5. Credit analysis
Important to consider
A credit analysis differs from an equity analysis in several respects. A credit analysis focuses on stability and a company’s ability to handle future payments while an equity analysis focuses on profit development and growth. The key factors in a credit analysis are the company’s debt level, its ability to generate positive cash flows and the sustainability of the business concept.
Below we have listed the most important factors that a good credit analysis should contain. If you can tick them off, you will increase the probability of making a good analysis and investment.
BUSINESS CONCEPT AND MANAGEMENT
The first thing to consider is whether the company has a competitive business concept and if the existing management is capable of implementing the business concept. If the issuer fails to pass on this, it is not worth analyzing the rest of the factors.
COUNTRY AND SECTOR RISK
There are risks associated with specific industries and countries. The issuer may be creditworthy, but if the company operates in a sector that is facing problems or in countries with political uncertainty, this will have an adverse impact on the investment’s conditions.
CASH FLOW ANALYSIS
Cash flow is a company’s lifeblood. A strong cash flow from operations that exceeds interest expenses by a good margin is a sign of good health. Positive cash flows of an extraordinary nature are always positive, but it is the cash flow generated in the underlying business that shows whether or not the company has a sound business concept. It is often a lack of liquidity that forces companies to throw in the towel.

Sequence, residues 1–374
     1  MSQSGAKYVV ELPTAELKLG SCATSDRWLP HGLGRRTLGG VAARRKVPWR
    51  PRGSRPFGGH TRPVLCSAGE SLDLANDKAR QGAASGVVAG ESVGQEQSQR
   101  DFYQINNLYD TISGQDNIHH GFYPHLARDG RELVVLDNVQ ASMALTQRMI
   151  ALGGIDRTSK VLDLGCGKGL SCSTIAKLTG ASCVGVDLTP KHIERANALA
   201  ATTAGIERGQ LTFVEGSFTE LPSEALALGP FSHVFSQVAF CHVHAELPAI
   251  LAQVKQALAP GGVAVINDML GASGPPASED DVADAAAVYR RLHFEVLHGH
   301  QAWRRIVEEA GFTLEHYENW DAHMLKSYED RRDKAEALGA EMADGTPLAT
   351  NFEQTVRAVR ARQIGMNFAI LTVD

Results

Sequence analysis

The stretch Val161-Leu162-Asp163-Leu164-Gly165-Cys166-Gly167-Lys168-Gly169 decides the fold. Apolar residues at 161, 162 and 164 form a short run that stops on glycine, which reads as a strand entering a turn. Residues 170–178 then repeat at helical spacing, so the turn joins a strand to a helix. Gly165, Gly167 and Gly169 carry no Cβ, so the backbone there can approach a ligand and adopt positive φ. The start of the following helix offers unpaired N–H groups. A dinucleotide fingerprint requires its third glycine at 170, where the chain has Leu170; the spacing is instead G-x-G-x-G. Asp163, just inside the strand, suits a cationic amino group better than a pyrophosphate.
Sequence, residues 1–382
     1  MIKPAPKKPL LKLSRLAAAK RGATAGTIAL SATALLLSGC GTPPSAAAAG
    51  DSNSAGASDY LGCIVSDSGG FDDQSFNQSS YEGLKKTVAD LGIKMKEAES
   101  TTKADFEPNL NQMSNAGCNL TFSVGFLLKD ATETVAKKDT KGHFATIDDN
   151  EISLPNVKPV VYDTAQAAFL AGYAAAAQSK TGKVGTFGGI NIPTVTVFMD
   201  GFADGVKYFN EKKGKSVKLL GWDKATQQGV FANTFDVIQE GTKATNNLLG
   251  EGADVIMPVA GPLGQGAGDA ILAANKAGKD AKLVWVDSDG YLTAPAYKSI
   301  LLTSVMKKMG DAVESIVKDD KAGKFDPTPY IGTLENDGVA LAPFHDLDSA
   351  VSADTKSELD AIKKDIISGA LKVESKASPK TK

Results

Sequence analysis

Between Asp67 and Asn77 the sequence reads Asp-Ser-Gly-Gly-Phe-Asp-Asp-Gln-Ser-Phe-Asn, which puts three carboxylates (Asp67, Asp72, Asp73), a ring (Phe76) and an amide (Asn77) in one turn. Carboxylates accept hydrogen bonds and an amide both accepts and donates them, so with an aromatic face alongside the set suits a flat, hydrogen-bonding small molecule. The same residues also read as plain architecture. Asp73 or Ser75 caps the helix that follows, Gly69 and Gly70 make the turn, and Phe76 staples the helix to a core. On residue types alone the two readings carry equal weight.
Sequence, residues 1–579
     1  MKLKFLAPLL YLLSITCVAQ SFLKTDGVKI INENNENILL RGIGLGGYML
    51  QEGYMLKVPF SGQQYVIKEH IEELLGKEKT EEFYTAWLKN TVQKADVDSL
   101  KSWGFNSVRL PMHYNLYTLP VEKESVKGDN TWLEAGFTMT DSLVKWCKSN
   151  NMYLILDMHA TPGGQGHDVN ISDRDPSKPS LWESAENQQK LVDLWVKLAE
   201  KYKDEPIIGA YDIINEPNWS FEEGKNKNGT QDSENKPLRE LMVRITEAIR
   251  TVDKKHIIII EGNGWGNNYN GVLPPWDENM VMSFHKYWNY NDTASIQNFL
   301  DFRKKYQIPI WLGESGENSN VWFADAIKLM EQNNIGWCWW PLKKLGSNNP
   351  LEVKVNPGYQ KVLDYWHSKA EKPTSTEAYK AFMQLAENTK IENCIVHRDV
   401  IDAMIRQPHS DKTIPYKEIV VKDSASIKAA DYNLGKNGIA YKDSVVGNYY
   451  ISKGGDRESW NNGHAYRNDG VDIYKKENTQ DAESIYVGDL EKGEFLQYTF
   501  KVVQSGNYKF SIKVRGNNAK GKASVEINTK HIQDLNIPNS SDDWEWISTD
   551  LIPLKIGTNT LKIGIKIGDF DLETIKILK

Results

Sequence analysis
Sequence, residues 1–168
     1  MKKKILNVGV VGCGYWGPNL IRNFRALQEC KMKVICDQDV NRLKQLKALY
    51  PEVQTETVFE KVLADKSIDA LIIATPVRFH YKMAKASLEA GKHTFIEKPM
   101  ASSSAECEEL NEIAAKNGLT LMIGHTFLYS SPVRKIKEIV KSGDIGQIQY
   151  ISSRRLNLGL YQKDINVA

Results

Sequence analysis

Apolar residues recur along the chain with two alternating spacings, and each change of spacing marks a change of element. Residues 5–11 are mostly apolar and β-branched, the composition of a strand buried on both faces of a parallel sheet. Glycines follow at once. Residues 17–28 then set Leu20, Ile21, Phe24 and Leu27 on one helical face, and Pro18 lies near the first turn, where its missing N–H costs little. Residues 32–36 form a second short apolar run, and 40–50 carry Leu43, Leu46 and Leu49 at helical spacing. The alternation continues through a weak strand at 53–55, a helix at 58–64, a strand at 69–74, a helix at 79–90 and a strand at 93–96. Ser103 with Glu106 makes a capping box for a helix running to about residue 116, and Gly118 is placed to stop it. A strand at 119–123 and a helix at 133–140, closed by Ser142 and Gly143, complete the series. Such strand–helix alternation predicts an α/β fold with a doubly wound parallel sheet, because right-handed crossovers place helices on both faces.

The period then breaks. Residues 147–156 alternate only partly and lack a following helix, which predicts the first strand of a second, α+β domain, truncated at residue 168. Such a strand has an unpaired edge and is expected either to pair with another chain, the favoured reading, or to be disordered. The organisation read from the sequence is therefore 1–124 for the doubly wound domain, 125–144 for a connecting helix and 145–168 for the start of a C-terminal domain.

High equity increases the chance that a company will be able to cope with a weak period. High indebtedness can cause a liquidity crisis and make borrowing more expensive if the company has to be refinanced. The ideal situation is a comfortable level of equity coupled with a good cash flow.
Fluctuations in earnings are a result of a company’s business risk and give an indication of how tough a recession will be on the company’s cash flow.
If the earnings do not fluctuate much over a business cycle, the credit risk will be lower. Examples of industries that are less sensitive to business cycles are pharmaceuticals and food producers.
This is a more important variable than many think. An ownership circle that has financial muscle, well established contacts with the financial markets as well as a long term perspective is a good owner from a credit perspective. There is a risk that an owner with limited capital will be unable to inject more capital in the event of an unforeseen downturn. Venture capitalists often have financial muscle but are not always as long term as investors would like.
The bond indenture gives the investor protection if the company runs into problems. The priority and collateral of a bond can be crucial to its value in the event of a default. In addition, it is important to understand that bonds can be structurally subordinated to each other. In complex corporate structures it is important that the bond is close to the operating company. A bond from a holding company is structurally subordinated to the operating company. Such a relationship can be improved by a parent company guarantee. Another factor is maturity. If you own the longest bond that the company has outstanding, timewise you are subordinated in relation to the other bondholders.
The same factors as above apply to a credit analysis for bonds issued to finance a project. Generally speaking cash flow is never positive during the first period. The investor has to assess the probability and stability of future cash flows as this affects the value of the project. There are often greater risks associated with project financing, which investors should be compensated for in the form of a higher coupon.